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UberEats picks up steam against food delivery rivals

Simone Grant Creech used a tablet to communicate the status of orders that UberEats drivers will pick up at Brooklyn's Footprints Cafe Express in New York last month.
Simone Grant Creech used a tablet to communicate the status of orders that UberEats drivers will pick up at Brooklyn's Footprints Cafe Express in New York last month.Sam Hodgson/New York Times

SAN FRANCISCO — For years, Bob Gordon, owner of Footprints Cafe in Brooklyn, handled the delivery of his restaurant’s meals. So when he decided to work with an outside service — UberEats — he was nervous. Then, the orders started pouring in.

“We weren’t prepared for the volume that came in,” Gordon, 46, said. “I myself, as an owner, had to work three weeks straight cooking on the food line just to keep up.”

Uber has barreled into the crowded, cutthroat space of food delivery. Its top executives believe UberEats could generate enormous growth.

UberEats stands out even from the rest of the company’s fast-growing — and unprofitable — business. The delivery service, in more than 120 markets globally, sometimes eclipses Uber’s main ride-hailing business in markets like Tokyo and Seoul, the company said. The number of trips taken by UberEats drivers grew by more than 24 times between March 2016 and March 2017. As of July, UberEats was profitable in 27 of the 108 cities where it operated. Uber declined to reveal the service’s revenue.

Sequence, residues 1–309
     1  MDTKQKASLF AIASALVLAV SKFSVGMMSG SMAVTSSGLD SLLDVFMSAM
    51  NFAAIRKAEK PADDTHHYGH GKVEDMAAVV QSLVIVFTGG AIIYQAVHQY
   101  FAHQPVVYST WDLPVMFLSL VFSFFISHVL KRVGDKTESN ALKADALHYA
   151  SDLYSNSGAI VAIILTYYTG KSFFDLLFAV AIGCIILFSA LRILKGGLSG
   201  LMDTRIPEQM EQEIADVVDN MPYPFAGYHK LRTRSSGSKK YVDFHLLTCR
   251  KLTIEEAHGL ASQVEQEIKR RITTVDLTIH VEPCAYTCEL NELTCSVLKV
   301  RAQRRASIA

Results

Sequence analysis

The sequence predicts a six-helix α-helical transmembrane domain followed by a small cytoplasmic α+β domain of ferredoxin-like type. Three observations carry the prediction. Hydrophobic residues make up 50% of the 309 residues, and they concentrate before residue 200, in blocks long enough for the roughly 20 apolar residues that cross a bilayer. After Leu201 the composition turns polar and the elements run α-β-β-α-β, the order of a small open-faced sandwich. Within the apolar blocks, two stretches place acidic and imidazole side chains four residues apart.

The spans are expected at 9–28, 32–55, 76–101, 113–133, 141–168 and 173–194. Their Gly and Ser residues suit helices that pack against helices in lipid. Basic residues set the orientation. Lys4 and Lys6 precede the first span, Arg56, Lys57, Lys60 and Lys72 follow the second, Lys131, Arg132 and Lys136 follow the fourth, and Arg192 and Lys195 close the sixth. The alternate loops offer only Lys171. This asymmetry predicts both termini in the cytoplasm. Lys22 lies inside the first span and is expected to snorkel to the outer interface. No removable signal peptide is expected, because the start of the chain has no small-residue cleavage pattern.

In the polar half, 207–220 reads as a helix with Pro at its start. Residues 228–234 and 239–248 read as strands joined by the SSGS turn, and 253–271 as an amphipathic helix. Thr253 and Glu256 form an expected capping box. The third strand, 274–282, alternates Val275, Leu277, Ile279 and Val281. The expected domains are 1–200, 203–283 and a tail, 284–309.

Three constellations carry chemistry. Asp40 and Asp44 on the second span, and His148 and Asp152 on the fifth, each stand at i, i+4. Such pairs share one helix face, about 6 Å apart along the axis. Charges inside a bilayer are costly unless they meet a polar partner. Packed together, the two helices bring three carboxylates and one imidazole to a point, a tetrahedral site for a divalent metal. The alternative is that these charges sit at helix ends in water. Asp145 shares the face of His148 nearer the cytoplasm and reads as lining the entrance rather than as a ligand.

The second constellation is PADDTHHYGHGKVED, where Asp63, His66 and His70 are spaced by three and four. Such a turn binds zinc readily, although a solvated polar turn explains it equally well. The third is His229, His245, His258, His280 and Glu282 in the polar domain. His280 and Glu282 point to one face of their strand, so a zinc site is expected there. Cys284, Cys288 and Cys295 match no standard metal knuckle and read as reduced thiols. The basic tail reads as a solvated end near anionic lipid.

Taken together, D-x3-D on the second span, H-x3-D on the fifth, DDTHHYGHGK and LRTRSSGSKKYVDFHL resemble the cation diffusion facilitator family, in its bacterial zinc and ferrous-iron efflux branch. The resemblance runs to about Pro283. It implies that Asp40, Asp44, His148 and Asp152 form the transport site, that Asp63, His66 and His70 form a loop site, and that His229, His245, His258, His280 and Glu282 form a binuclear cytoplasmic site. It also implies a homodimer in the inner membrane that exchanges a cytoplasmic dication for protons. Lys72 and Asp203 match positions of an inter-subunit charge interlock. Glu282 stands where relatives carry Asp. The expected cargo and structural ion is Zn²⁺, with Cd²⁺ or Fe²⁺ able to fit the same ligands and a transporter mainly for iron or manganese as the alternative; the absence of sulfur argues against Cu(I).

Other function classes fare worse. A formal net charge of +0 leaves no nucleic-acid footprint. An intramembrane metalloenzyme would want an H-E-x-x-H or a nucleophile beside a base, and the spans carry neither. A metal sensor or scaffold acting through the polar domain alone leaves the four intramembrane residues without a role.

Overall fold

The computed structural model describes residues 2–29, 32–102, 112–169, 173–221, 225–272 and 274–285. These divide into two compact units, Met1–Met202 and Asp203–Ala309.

“There’s a global trend toward delivery,” said Jason Droege, vice president of UberEverything, the division under which UberEats operates. “As people use mobile phones more and more for everything in their lives, we’re starting to see a secular change in how people eat.”

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Uber came late to food delivery, which is a $100 billion-plus market, according to a study by McKinsey. Typically, food delivery companies fall into one of two categories. The first is aggregators like Grubhub, which collect restaurant options and menus through an online portal for customers, and which usually require restaurants to handle delivery themselves. The second is full delivery services like Postmates and UberEats, which take orders online and deliver the food for restaurants. The restaurants generally pay a fixed percentage of an order; customers also pay a fee to the delivery service.

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The competition is stiff, including the threat of Amazon, which has tried food delivery in a few markets. Its recent acquisition of Whole Foods provides hundreds of potential bases for drivers to pick up prepared food for delivery.

“The No. 1 concern for all of these delivery companies is Amazon,” said James Cakmak, an analyst who follows the food delivery business.